I got the flu last week, and wanted something to eat that I'd actually be able to keep down. Getting sick of ginger ale, I thought crackers might be a good choice, so I picked up a box of Finn Crisp's Multigrain Thin Crisps. The ingredient list was surprisingly simple: whole grain rye flour, wheat flour, whole grain oat flour, barley flour, water, millet, poppy seeds, salt, and yeast. Can you get any better than that? Eight all-natural ingredients plus some water!
Before tasting, I wasn't sure whether to expect something like GG Scandinavian Bran Crispbread or a Wasa cracker, and the result was something kind of in between. The crackers were extremely thin, like crispbreads, but they had a bit of a denseness to them instead of a satisfying snap when broken or bitten, and they weren't cardboard-y or as dense as the Wasa crackers. I was less impressed with them when I ate one plain, but when I dunked it into some chicken noodle soup, I thought they were awesome. The texture held up well and they were subtle enough to not overpower the flavor of the soup.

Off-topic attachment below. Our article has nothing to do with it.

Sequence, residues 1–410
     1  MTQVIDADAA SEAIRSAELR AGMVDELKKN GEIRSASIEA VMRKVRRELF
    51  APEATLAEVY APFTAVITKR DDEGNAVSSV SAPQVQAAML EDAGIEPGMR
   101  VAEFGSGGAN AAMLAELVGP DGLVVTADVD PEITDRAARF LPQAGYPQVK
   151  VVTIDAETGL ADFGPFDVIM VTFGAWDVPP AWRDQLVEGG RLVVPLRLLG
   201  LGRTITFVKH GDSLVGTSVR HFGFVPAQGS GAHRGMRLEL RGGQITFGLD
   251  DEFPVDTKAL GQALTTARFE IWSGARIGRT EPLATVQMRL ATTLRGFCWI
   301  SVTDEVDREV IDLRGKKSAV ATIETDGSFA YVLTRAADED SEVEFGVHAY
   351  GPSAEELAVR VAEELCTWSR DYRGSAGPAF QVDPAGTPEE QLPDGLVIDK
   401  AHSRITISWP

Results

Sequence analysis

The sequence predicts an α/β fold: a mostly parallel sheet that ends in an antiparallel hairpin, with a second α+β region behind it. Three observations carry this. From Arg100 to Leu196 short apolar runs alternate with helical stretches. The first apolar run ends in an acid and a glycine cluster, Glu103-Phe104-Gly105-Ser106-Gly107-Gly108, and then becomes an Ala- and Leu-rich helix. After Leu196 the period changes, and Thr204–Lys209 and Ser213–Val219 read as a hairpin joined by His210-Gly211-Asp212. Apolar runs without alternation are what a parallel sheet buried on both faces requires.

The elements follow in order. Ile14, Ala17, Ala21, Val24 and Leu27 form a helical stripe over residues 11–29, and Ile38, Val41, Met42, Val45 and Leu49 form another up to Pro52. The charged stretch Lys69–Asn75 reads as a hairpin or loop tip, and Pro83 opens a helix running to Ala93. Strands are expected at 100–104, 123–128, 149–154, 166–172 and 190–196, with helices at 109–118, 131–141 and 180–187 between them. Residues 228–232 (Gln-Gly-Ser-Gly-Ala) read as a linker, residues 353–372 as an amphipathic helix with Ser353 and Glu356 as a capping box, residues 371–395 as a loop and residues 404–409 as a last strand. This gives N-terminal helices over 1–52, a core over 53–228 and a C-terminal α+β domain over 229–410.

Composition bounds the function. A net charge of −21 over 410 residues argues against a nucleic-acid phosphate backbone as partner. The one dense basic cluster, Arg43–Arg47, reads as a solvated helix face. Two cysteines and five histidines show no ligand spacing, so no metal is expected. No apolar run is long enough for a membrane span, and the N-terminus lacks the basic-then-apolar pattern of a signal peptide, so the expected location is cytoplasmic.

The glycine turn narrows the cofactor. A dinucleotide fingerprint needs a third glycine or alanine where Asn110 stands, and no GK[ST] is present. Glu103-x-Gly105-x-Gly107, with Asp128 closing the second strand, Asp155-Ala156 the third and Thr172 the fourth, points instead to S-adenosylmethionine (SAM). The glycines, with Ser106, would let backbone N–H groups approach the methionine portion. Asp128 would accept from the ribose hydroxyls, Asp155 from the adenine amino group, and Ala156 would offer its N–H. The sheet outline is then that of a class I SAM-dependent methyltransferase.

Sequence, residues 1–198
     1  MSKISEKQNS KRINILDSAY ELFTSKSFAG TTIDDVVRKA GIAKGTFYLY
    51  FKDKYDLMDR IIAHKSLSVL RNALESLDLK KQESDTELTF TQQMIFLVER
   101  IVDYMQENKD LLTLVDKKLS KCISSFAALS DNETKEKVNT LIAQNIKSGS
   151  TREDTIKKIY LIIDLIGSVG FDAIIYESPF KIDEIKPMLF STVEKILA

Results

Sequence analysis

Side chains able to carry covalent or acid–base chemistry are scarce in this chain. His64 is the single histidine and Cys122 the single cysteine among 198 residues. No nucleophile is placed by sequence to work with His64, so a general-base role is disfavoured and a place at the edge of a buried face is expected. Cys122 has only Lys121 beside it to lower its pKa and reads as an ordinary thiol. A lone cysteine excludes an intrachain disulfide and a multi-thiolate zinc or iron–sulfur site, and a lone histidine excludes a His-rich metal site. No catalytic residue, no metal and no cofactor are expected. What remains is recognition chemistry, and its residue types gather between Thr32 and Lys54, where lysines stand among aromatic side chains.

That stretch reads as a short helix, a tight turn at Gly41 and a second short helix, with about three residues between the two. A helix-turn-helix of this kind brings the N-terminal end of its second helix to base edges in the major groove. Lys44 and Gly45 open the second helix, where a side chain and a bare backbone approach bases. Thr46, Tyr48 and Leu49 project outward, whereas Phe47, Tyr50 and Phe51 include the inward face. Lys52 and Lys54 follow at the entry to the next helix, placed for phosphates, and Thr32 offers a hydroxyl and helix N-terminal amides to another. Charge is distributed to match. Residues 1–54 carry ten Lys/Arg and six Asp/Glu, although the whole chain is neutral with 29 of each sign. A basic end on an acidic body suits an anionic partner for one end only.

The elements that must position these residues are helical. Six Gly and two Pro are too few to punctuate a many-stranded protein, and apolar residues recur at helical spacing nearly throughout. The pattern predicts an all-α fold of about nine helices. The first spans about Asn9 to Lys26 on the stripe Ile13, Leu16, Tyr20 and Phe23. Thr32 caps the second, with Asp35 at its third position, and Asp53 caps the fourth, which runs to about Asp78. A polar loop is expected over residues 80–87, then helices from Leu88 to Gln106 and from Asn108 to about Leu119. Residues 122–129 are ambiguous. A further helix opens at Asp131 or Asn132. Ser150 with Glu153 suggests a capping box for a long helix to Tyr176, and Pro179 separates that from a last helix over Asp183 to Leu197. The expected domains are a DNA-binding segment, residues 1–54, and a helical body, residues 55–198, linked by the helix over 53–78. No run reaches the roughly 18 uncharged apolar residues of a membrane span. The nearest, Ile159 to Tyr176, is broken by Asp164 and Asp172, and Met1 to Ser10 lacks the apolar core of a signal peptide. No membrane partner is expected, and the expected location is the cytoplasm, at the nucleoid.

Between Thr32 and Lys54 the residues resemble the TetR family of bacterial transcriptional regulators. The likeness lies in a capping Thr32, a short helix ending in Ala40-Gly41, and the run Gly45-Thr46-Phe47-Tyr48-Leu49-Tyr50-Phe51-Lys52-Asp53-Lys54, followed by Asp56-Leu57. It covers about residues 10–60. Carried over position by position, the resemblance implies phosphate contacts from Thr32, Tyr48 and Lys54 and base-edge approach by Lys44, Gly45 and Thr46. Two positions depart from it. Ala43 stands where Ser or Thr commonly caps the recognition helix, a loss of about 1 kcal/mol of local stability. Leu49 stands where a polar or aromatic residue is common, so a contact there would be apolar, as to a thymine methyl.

One serving of 3 Finn Crisp Multigrain Thin Crisps (6.5 grams each), provides 60 calories no sugar, only 15 grams of carbohydrates 2 grams of fiber and 2 grams of protein.
While these were not quite what I was expecting, and I didn't like them that much plain, they were excellent when dunked in some chicken noodle soup. I also think they'd be great crackers to hold cheese or a spread, like Finn Crisp with Laughing Cow & Radishes, and are a good alternative to the denser Wasa crackers. I paid $3.19 for the box, which contains 13 servings, and I'd consider that a good enough value to buy again.